Pentagon’s Mattis discussing war aims in Mideast this week

In this April 11, 2017 file photo, Defense Secretary Jim Mattis pauses during a news conference at the Pentagon. (AP)
Updated 18 April 2017
0

Pentagon’s Mattis discussing war aims in Mideast this week

WASHINGTON: Defense Secretary Jim Mattis is looking to the Middle East and North Africa for broader contributions and new ideas to fight Islamic extremism as the Trump administration fleshes out its counterterrorism strategy.
His trip to the region, which began with his departure Monday night, includes stops with longstanding allies Saudi Arabia and Israel, and new partners like Djibouti.
As the administration enhances its efforts, Mattis has made a point of consulting counterparts around the world. His goals include expanding the American-led coalition against the Daesh group in Iraq and Syria, but also combatting Al-Qaeda, whose Yemen branch is posing particular worry as it uses ungoverned spaces in the Arab world’s poorest country to plan attacks on the United States.
In announcing Mattis’s trip, the Pentagon said last week he would be discussing ways to “defeat extremist terror organizations.”
Mattis is starting his travels Tuesday in Riyadh, where he is expected to meet senior Saudi leaders. Saudi Arabia is leading a coalition that is fighting Iran-backed Houthis in Yemen. The coalition’s airstrikes began two years ago but haven’t driven the Houthis from the capital and large parts of Yemen they still control.
The Trump administration is considering providing intelligence, aerial refueling and other military assistance to the United Arab Emirates, which is helping the Saudis. The UN says some 50,000 civilians have been killed or wounded in the three-year stalemate.
Worries about Daesh aren’t limited to Syria and Iraq. Its influence has spread to Libya and elsewhere in North Africa. Mattis told a Pentagon news conference last week that he hoped to bring as many other nations as possible into the administration’s new strategy, which involves diplomatic and other non-military features. He said that plan was still in “skeleton form,” though it was being “fleshed out.”
The Middle East’s landscape is getting more complicated.
Syria’s alleged chemical weapons attack on April 4 prompted a US cruise missile strike, temporarily slowing the pace of Washington’s air campaign against Daesh in northern Syria.
And a US airstrike April 11 killed 18 fighters associated with a US-supported Syrian rebel group. Central Command said the US strike was misdirected.
Also last week, US forces in Afghanistan struck a Daesh stronghold near the Pakistani border with the 11-ton “mother of all bombs,” the largest US non-nuclear bomb ever used in combat.
The Middle East is familiar turf for Mattis, a Marine veteran of the Iraq war who rose to four-star rank. He finished his military career as head of Central Command, which directs US military operations across the Middle East and Central Asia.
On his weeklong trip, Mattis also is scheduled to visit Egypt and Qatar, the small Arab country that hosts the US military’s main Mideast air operations center. It will be his first trip to these countries since taking office in January. He also will make a brief stop at Camp Lemonnier in Djibouti in the Horn of Africa, which the US uses to fly sensitive drone missions over Somalia and Yemen. Mattis visited Iraq in February on his first trip to the Middle East as Pentagon chief.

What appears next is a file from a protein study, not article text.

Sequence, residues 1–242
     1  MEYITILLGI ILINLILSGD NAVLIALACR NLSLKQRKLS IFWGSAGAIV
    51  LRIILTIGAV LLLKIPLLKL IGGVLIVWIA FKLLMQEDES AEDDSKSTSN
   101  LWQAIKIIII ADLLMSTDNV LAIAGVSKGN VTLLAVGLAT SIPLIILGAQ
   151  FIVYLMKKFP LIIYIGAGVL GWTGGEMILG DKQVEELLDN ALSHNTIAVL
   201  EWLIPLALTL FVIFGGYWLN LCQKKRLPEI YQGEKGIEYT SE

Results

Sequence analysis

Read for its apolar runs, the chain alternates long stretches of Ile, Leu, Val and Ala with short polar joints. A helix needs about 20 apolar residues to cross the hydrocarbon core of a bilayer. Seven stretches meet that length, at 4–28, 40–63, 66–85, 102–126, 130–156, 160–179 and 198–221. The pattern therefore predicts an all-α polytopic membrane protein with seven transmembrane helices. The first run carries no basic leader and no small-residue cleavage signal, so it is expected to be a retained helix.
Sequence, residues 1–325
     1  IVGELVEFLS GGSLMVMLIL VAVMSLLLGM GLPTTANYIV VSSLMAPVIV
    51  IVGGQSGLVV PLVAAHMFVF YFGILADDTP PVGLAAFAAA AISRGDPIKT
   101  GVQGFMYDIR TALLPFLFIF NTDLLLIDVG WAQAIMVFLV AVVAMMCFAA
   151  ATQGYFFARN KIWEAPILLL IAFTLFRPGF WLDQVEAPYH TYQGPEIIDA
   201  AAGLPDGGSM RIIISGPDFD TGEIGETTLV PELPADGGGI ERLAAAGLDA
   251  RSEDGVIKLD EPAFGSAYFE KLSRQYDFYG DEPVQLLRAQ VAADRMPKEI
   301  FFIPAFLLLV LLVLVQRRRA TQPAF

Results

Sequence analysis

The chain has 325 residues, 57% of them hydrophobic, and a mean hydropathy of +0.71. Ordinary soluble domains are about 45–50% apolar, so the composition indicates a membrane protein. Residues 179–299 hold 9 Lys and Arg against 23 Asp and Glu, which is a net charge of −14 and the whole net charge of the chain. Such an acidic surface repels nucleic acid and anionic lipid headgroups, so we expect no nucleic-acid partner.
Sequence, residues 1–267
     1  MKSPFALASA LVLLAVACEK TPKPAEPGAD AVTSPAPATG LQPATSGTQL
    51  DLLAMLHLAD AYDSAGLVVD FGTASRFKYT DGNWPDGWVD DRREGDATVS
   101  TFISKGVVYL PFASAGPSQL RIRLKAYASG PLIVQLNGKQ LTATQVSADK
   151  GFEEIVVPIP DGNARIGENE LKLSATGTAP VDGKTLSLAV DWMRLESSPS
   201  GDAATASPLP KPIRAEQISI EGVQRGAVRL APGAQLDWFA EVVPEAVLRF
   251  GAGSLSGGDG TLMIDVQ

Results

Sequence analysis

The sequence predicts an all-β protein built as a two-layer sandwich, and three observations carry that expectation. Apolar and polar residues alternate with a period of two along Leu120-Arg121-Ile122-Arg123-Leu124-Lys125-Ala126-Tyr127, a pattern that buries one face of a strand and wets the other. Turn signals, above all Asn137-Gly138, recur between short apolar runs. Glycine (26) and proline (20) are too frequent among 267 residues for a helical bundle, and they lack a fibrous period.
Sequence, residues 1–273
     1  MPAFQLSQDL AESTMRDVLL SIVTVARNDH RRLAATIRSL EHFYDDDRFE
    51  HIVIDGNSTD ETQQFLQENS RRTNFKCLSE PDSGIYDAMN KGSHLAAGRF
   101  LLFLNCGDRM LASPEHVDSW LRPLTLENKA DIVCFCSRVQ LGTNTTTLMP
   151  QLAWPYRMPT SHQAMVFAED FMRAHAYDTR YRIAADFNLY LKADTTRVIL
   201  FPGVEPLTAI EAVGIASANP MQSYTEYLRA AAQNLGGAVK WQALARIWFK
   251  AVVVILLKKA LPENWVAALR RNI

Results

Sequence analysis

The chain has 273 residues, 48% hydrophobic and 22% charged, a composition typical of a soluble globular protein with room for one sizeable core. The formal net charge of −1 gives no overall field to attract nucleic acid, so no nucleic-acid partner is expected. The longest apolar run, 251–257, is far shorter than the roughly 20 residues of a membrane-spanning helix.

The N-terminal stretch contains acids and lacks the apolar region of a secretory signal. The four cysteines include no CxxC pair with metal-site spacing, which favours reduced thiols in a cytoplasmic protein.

Iran pours scorn on nuclear talks, dismisses “tradesman” Trump

Updated 6 min 46 sec ago
0

Iran pours scorn on nuclear talks, dismisses “tradesman” Trump

BEIRUT: Iran’s president poured scorn on Wednesday on US and European discussions over Tehran’s nuclear agreement, and dismissed Donald Trump as a “tradesman” who lacked the qualifications to deal with a complex international pact.
Hassan Rouhani spoke after French President Emmanuel Macron flew to Washington to try to persuade Trump not to scrap the 2015 agreement — under which Iran curbed its nuclear program in return for the lifting of sanctions.
“They say that with the certain leader of a European country we want to make a decision about a seven-sided agreement,” Rouhani said in a speech broadcast live on state TV.
“For what? With what right?” he added.
He reserved particular scorn for the US president, who has called the agreement one of the worst deals ever negotiated and has threatened to restore US sanctions next month unless what he sees as severe flaws are fixed.
“You don’t have any background in politics. You don’t have any background in law. You don’t have any background on international treaties,” Rouhani said. “How can a tradesman, a merchant, a building constructor, a tower constructor make judgments about international affairs,” he added referring to Trump’s career as a property developer.
The other powers that signed the agreement with Iran — Russia, China, Germany, Britain and France — have all said they want to preserve it. Many in the West see it as the best hope of preventing Iran from getting a nuclear bomb and heading off a nuclear arms race in the Middle East.
In a bid to salvage the deal while satisfying Trump’s call for tougher action, Macron’s has proposed that the United States and Europe block any Iranian nuclear activity until 2025 and beyond, address Iran’s ballistic missile program and generate conditions for a political solution to contain Iran in Yemen, Syria, Iraq and Lebanon.
German Chancellor Angela Merkel will hold talks with Trump in Washington later in the week.
Senior Iranian officials have said repeatedly that Iran’s ballistic missile program is not up for negotiation.